It could be argued that the Wye currently offers better fishing than any other river in the British Isles. Measuring 134 miles, the Wye is the fifth longest river in the UK, and flows from its source at Plynlimon, high in the Cambrian Mountains, through towns such as Builth Wells, Rhayader, Ross, Hay and Monnow before emptying into the Severn estuary at Chepstow.
In the pacy upper reaches, brown trout and grayling are the prime targets, while dace and chub are the first coarse fish to make an appearance. Every bend of the river seems to offer a different opportunity and a different view. The geology if the Wye valley is almost as fascinating as the fish themselves, and some of the vistas, particularly around Symonds Yat and the ruins of Tintern Abbey, will almost knock you off your feet.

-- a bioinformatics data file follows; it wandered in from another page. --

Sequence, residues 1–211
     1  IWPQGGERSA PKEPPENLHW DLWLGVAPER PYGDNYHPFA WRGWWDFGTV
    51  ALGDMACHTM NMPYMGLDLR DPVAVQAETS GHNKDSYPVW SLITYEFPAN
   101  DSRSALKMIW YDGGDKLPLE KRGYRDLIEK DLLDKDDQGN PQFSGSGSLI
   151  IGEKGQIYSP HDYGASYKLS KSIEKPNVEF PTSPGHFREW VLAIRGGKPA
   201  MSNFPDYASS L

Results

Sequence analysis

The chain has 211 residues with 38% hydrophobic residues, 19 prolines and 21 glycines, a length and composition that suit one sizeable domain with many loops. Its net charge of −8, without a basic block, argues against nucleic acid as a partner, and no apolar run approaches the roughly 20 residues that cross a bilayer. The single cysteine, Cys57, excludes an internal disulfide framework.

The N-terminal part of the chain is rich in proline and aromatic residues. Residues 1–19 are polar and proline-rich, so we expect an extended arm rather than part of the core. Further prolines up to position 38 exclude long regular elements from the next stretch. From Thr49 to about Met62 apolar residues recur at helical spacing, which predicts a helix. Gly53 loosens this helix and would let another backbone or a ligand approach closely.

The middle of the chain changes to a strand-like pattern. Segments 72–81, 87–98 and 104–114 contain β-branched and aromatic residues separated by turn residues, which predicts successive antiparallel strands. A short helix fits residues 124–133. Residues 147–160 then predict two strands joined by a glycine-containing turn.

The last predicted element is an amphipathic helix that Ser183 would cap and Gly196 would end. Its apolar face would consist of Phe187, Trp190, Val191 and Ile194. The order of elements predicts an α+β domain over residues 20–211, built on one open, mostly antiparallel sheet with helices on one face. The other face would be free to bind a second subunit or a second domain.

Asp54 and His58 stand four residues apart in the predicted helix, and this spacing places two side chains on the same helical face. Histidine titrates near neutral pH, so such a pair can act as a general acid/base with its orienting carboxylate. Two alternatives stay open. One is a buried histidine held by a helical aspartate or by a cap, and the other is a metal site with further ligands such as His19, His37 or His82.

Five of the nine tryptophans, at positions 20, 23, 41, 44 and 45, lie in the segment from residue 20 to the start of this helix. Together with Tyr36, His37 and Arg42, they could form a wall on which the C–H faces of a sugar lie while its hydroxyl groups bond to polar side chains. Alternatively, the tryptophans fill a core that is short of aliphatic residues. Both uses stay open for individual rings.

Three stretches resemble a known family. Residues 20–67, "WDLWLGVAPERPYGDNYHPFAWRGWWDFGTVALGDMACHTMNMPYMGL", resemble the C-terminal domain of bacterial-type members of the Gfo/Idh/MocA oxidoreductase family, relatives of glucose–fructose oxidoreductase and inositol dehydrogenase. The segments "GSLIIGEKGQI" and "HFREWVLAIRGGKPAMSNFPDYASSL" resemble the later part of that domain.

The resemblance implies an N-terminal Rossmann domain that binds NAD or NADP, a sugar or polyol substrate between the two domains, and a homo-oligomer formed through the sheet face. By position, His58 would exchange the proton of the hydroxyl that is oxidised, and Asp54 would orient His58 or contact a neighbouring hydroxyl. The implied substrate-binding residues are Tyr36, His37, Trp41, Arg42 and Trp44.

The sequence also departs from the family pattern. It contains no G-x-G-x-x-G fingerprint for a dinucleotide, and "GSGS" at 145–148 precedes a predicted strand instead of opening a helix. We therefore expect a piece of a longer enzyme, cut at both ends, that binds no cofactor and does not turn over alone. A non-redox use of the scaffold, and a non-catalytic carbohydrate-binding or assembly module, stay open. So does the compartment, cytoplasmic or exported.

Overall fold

The salmon, for which the Wye is famed, still run, and though Doreen Davey’s river record of 59lbs 8oz in 1923 is unlikely to ever be beaten, some very big fish were caught this spring.
The Wye supports the greatest run of twaite shad in Britain, while in recent years the barbel has colonised much of the river and suits the power and beauty of the river rather well.